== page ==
* garlic – thiosulphonates, limonene, quercitin
* flax seeds – lignans
* citrus fruits – monoterpenes, coumarin, cryptoxanthin, vitamin C, ferulic acid, oxalic acid
* blueberries – tannic acid, lignans, anthocyanins
* sweet potatoes – beta carotene
* chilli peppers – capsaicin
* legumes: beans, peas, lentils – omega fatty acids, saponins, catechins, quercitin, lutein, lignans

Other foods rich in phytonutrients or superfoods

Some animal derived foods are also considered superfoods. Beginning in 2005, there has been a rapidly growing recognition of several common and exotic fruits recognized for their nutrient richness and antioxidant qualities, with over 900 new product introductions worldwide[5]. More than a dozen industry publications on functional foods and beverages have referred to various exotic or antioxidant species as superfruits (see References[5]), some of which are shown in the list below.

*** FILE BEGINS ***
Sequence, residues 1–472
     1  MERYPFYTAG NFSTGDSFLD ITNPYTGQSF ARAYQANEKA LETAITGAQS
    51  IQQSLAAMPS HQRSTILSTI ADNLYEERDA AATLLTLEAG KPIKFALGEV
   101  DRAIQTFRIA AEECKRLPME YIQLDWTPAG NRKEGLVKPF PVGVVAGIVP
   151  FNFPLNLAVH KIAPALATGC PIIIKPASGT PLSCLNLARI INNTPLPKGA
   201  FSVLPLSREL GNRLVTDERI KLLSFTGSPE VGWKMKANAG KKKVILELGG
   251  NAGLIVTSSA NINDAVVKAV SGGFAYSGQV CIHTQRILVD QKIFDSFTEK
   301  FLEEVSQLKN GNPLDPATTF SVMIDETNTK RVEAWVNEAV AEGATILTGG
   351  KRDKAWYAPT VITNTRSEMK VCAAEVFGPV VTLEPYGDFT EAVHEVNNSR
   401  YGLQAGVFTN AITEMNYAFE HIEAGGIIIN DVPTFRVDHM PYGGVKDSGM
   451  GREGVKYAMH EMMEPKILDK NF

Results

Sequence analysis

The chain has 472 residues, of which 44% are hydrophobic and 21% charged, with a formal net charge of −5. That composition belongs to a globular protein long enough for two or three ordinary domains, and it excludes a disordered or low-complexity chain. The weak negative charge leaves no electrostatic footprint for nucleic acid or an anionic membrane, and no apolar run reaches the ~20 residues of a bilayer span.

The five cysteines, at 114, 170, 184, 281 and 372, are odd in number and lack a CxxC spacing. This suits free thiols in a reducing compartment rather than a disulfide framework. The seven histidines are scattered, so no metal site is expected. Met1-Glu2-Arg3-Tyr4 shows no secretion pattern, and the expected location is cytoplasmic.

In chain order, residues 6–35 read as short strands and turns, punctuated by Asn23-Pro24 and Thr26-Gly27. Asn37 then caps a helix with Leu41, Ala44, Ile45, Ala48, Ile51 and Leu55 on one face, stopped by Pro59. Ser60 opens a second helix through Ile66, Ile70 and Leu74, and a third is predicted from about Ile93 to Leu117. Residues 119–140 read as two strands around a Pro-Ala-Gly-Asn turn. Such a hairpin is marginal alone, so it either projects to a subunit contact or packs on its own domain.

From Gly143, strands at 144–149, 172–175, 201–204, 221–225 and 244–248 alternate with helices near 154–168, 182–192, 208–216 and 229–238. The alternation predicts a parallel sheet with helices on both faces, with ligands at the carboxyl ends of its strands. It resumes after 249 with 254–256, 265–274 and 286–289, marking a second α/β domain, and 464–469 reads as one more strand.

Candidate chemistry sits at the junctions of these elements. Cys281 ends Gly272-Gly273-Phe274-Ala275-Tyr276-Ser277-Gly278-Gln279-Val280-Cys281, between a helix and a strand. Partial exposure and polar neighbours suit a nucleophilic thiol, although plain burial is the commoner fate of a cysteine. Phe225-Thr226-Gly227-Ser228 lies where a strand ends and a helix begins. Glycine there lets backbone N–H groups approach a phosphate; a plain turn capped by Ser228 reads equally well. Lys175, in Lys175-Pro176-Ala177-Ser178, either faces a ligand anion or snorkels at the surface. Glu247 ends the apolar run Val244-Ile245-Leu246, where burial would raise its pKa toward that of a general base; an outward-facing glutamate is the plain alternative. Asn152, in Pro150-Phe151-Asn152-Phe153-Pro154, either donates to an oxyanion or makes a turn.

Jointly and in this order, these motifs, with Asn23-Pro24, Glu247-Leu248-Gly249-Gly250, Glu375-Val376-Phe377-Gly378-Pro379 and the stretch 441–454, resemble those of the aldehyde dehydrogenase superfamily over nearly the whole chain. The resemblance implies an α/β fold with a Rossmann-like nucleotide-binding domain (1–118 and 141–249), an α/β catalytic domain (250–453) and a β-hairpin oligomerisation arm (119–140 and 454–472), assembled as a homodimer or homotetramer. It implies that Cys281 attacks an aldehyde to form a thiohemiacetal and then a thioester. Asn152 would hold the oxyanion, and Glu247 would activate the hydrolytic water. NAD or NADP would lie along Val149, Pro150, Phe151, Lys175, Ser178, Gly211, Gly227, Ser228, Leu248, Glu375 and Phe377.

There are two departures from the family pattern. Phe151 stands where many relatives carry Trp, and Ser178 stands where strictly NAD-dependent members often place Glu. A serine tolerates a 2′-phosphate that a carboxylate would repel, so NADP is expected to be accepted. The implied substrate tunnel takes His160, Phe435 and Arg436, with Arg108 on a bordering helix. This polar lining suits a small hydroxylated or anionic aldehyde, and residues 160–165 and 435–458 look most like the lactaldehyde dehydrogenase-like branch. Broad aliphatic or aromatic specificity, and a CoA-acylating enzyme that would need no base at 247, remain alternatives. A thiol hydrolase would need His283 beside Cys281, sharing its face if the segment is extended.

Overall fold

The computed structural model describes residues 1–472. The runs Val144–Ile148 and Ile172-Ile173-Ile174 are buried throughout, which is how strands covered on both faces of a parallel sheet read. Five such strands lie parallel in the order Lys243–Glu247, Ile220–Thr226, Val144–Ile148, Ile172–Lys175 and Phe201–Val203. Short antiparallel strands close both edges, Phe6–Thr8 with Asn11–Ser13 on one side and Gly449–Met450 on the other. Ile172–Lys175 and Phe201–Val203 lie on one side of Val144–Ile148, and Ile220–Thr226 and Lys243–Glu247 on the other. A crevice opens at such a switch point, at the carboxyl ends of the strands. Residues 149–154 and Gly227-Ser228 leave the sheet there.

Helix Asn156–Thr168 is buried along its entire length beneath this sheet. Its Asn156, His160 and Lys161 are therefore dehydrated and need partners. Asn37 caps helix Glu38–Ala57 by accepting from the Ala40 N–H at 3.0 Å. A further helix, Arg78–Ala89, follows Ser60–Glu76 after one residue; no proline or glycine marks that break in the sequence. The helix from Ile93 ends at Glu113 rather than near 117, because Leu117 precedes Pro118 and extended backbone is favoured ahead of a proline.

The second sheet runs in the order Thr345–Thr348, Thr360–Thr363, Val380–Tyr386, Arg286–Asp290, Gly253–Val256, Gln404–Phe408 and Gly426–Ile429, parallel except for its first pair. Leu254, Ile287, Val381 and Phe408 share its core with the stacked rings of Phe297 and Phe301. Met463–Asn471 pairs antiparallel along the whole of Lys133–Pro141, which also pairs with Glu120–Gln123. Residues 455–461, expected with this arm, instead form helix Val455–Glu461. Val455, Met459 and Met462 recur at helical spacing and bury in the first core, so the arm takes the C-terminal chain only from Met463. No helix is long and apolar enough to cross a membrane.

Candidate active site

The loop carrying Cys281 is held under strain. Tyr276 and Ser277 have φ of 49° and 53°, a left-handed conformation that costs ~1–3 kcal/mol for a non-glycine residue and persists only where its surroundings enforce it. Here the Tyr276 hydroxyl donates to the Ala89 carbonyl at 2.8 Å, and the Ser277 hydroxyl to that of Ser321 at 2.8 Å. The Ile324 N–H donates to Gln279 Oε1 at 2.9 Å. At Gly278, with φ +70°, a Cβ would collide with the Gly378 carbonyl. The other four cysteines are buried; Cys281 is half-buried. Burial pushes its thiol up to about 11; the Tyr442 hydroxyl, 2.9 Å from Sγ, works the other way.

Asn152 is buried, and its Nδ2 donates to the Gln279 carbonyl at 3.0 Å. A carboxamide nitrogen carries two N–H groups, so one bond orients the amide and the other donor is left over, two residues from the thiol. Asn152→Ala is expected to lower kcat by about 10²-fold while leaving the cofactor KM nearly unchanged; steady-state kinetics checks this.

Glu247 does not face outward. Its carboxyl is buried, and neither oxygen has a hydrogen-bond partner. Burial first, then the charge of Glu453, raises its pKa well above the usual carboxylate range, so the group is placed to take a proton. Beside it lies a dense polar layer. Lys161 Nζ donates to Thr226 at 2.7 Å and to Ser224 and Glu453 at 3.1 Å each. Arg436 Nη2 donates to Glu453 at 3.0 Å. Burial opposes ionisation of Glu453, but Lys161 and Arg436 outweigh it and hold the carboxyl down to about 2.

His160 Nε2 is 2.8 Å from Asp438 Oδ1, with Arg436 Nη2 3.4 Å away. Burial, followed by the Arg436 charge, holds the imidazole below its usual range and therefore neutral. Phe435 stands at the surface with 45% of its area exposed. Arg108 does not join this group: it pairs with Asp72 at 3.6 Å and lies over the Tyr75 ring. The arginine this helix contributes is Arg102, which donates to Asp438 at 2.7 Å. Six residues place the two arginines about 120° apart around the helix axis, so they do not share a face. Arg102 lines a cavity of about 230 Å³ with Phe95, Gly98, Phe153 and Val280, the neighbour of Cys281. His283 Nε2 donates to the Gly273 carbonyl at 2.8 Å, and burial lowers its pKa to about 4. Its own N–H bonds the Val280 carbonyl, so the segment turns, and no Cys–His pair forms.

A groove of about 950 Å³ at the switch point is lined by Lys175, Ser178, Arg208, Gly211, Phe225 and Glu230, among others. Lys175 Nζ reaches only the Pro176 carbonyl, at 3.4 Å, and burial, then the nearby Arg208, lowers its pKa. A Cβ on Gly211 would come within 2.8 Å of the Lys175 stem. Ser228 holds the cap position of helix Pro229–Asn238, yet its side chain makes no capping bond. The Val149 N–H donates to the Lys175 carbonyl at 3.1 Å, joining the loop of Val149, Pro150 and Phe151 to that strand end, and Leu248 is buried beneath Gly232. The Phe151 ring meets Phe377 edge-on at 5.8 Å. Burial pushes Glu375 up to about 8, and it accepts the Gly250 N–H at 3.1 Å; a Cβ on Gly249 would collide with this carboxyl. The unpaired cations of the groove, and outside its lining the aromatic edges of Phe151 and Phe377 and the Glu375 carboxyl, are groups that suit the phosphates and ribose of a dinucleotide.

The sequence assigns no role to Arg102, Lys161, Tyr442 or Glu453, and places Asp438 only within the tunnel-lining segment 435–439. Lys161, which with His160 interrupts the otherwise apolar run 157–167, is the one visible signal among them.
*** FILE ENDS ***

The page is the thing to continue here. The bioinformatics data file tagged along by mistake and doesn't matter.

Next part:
* Apples – quercetin, catechins, tartaric acid
* Açaí berries – dietary fiber, anthocyanins, omega-3, omega-6, Beta-sitosterol. Açaí is the highest scoring plant food (spices excepted) for antioxidant ORAC value[6]

* Dried apricots
* Artichoke – silymarin, caffeic acid, ferulic acid
* Brassicates: kale, cabbage, brussels sprouts, cauliflower – lutein
* Carrots – beta-carotene
* Cocoa – flavonoids, epicatechin
* Cranberries – ellagic acid, anthocyanins
* Eggplant
* Gac – beta-carotene, lycopene
* Goji (Wolfberry) - ellagic acid, ?-carotene, ?-cryptoxanthin, zeaxanthin, lutein, lycopene
* Pink grapefruit – lycopene
* Red grapes and wine – quercitin, resveratrol, catechins, ellagic acid
* Green tea – quercitin, catechins, oxalic acid
* Mangos – cryptoxanthin
* Mangosteen - xanthones
* Nuts and seeds – resveratrol, phytic acid, phytosterols, protease inhibitors
* Porridge oats soluble fibre magnesium, zinc
* Okra -- beta carotene, lutein, zeaxanthin
* Olive oil – Monounsaturated fat
* Onions – quercitin, thiosulphonates
* Papaya – cryptoxanthin
* Bell peppers – Beta-carotene, vitamin C
* Pomegranate - Vitamin C, Tannins, especially Punicalagins
* Pumpkin – lignans, carotenes
* Quinoa Dietary fiber, protein without gluten with balanced essential amino acids
* Sesame - Lignans
* Shiitake mushrooms
* Spinach – oxalic acid, lutein, zeaxanthin
* Squash
* Watermelon – lycopene zeaxanthin, sulphoraphane, indole-3-carbinol
* Low fat yoghurt calcium
* Spirulina - beta-carotene

Phytonutrients Take Centre Stage